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I am trying to create a site where users can register and create a profile, therefore I am using two MySQL tables within a database e.g. users and user_profile.

The users table has an auto increment primary key called user_id.

The user_profile table has the same primary key called user_id however it is not auto increment.

*see note for why I have multiple tables.

When a user signs up, data from the registration form is inserted into users, then the last_insert_id() is input into the user_id field of the user_profile table. I use transactions to ensure this always happens.

My question is, is this bad practice?

Should I have a unique auto increment primary key for the user_profile table, even though one user can only ever have one profile?

Maybe there are other downsides to creating a database like this?

I'd appreciate if anyone can explain why this is a problem or if it's fine, I'd like to make sure my database is as efficient as possible.

Note: I am using seperate tables for user and user_profile because user_profile contains fields that are potentially null and also will be requested much more than the user table, due to the data being displayed on a public profile.

Maybe this is also bad practice and they should be lumped in one table?

share|improve this question
Not explicitly declaring primary keys is a very bad idea. It disables almost all optimizations MySQL has to speed things up. And it forces MySQL to create hidden primary key (that you cannot reach). Never do it. – Johan Sep 13 '11 at 13:15
@Johan: I am declaring user_id as the primary key in user_profile, it's just it wont be auto increment. – Alex Sep 13 '11 at 13:20
Oh, OK, in that cause you're cool. Note that MySQL will wrap a single SQL statement in it's own transaction, you only need to use transaction in a chain of 2 or more SQL-statements. – Johan Sep 13 '11 at 13:29
have you considered using a single table & a couple of views ? if your goal is efficiency this has to be the best solution. – Kevin Burton Sep 13 '11 at 13:47
up vote 11 down vote accepted

I find this a good approach, I'd give bonus point if you use a foreign key relation and preferably cascade when deleting the user from the user table.

As too separated the core user data in one table, and the option profile data in another - good job. Nothing more annoying then a 50 field dragonish entry with 90% empty values.

share|improve this answer
+1. Exactly my thoughts. :) – Shef Sep 13 '11 at 13:12
This is not as trivial as you state this. Having a foreign key relation implies having a innodb storage engine on mysql. Switching from myisam to innodb is not as trivial as the ALTER may seem. – fyr Sep 13 '11 at 13:15
Thank you for your reply, I had considered foreign keys but it looked like it might be easier for me to just ignore them. I will give them another look though! – Alex Sep 13 '11 at 13:16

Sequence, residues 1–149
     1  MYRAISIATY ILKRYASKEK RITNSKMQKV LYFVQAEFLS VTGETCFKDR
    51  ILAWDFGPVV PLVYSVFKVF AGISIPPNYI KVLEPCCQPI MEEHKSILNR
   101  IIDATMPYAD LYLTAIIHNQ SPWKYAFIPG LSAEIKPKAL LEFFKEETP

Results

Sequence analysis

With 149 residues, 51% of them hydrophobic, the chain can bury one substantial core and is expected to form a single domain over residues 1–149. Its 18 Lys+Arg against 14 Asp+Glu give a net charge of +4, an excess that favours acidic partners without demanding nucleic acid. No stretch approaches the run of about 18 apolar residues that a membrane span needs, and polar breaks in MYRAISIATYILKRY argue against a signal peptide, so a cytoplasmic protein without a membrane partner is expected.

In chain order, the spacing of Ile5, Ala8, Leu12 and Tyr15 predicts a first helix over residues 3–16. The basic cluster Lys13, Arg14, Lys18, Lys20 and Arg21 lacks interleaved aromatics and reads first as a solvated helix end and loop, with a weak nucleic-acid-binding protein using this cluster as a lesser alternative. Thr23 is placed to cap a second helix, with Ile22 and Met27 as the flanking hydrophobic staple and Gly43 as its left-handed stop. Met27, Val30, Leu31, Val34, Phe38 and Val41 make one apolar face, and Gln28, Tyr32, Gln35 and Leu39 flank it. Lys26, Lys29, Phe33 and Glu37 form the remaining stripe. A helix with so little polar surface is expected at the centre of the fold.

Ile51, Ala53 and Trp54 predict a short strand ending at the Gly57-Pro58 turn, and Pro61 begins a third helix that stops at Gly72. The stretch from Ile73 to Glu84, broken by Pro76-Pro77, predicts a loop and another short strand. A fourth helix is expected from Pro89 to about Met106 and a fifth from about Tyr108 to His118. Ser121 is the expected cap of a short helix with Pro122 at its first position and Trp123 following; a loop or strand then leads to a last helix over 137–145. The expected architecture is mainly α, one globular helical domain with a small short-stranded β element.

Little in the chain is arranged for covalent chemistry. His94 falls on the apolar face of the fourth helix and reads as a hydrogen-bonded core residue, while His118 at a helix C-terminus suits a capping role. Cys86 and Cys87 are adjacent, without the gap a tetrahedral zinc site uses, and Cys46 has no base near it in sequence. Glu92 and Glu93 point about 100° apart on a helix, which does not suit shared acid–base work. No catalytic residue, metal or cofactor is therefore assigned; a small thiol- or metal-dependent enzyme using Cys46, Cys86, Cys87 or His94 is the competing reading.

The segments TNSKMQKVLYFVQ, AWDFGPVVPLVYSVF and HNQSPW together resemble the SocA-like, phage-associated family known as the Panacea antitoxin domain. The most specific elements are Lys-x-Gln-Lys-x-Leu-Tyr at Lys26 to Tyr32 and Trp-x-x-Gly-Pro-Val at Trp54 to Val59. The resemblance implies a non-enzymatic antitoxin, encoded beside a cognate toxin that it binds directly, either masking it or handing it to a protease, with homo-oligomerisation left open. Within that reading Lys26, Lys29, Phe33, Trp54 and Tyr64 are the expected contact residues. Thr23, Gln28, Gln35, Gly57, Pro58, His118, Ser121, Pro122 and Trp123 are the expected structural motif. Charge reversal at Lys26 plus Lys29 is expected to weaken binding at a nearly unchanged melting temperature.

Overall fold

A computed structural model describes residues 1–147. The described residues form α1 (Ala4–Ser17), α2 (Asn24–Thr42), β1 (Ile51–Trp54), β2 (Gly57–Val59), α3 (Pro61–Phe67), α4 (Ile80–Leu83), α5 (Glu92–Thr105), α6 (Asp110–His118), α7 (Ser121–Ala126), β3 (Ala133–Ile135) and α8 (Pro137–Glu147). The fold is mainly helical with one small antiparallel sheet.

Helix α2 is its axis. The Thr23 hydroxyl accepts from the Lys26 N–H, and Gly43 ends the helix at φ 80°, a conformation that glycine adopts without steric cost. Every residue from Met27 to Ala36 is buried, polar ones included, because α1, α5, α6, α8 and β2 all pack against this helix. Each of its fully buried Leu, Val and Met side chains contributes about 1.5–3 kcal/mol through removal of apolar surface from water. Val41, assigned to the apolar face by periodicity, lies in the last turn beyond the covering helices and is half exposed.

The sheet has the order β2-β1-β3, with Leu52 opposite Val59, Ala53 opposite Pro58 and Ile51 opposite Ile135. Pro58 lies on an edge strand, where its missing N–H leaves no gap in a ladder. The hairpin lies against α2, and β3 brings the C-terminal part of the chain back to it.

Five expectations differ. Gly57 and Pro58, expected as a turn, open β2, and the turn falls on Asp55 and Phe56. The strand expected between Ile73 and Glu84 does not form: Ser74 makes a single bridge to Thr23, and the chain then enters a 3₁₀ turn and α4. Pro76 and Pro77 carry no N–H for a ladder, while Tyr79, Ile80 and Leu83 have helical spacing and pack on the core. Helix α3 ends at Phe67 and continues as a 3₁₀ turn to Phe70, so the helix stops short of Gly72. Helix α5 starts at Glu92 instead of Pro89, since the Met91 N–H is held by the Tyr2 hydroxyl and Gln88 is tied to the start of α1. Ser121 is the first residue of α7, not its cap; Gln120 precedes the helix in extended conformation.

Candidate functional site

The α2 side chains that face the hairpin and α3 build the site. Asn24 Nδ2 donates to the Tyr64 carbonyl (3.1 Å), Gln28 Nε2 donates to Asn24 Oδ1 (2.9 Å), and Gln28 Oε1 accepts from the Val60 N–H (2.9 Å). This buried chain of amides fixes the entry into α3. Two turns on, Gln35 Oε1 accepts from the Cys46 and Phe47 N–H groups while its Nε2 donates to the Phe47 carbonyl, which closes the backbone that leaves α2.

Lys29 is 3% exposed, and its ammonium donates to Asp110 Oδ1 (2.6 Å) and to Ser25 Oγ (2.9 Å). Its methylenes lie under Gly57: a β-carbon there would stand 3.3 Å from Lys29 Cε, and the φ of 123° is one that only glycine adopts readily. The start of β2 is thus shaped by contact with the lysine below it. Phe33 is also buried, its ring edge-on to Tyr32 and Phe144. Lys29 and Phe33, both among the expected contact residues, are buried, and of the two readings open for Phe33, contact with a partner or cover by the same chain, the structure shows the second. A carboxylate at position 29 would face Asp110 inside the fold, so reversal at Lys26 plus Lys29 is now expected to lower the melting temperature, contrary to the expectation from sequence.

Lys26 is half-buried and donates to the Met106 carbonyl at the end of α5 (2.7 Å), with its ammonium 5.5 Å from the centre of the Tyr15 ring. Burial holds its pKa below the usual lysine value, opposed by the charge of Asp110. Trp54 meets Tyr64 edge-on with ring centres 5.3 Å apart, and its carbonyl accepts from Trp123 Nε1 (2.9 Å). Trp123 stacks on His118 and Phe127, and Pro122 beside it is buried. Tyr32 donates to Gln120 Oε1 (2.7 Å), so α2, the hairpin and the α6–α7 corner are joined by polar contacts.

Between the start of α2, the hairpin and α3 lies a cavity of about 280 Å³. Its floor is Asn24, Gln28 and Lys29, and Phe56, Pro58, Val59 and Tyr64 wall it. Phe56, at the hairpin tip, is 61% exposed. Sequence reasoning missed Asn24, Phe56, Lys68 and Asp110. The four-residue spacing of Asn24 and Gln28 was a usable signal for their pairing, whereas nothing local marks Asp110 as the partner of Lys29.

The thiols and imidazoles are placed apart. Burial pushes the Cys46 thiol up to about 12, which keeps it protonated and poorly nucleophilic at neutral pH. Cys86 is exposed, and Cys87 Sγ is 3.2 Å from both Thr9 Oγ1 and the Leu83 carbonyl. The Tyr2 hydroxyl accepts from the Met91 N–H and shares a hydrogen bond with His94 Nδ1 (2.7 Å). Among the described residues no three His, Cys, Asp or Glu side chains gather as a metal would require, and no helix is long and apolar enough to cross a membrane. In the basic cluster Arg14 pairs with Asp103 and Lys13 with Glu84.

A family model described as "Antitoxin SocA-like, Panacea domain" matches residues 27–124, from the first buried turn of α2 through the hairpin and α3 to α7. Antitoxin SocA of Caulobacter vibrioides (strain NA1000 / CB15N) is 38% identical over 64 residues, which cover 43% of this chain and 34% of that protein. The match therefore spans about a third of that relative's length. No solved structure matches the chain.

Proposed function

@fyr: I use Innodb storage engine anyway, it's a requirement for the transactions. – Alex Sep 13 '11 at 13:17
@Alex: You don't need transactions for last_insert_id(). – Lightness Races in Orbit Sep 13 '11 at 13:18

It is generally frowned upon, but as long as you can provide the reasoning for the 1 to 1 relationship I'm sure it is fine.

I have used them when I have hundreds of columns (and it would be more logical to split them out into separate tables) or I need a thinner table to speed up fullscans

In your case I would use a single table and create a couple of views.


In general a single table approach is more logical, quicker, simpiler, and uses less space.

share|improve this answer
Thank you for this, I was expecting it to be "frowned upon". I will have to research what views are, I admit my knowledge of MySQL is not yet where I would like it to be. Of course I don't know how big the user_profile table will be in the future, surely keeping it in a seperate table would avoid any future difficulties? – Alex Sep 13 '11 at 13:49
its stange being the only person who does not think it is a good idea........if you think about it it is far less efficient as the database has to check the foreign key (assuming you are using them) & maintain 2 index structures. – Kevin Burton Sep 13 '11 at 13:56
if you used views to hide the underlying physical structure you could change from a single table to a multi 1 to 1 structure without changing any code simply point the user_profile view to the new table – Kevin Burton Sep 13 '11 at 14:13
Thank you, this sounds like a promising technique I will use your link and look into it. – Alex Sep 13 '11 at 14:28
I decided to go ahead and buy MySQL by Paul DuBois and I just came across the section on views which let me consider your answer. It seems a view would make writing queries simpler, however any benefit from speed or space would be minimal and some would suggest that if tables were to become large (thousands of rows+) that a view could actually decrease performance. I may just stick with the 1-1 relationship. – Alex Sep 15 '11 at 21:08

I don't think it's a bad practice. Sometimes it's quite useful, especially if you want one class to deal with authentication, and not load all profile data. You can then modify how your authentication works, build web services and so on, with little care about maintaining data structures about profiles information which is likely to change as your project evolves.

share|improve this answer
Thank you for your reply. – Alex Sep 13 '11 at 13:18

This is very good practice.

It's right at the core of writing good, modular, normalised relational database structures.

share|improve this answer
Thank you for your reply. – Alex Sep 13 '11 at 13:23

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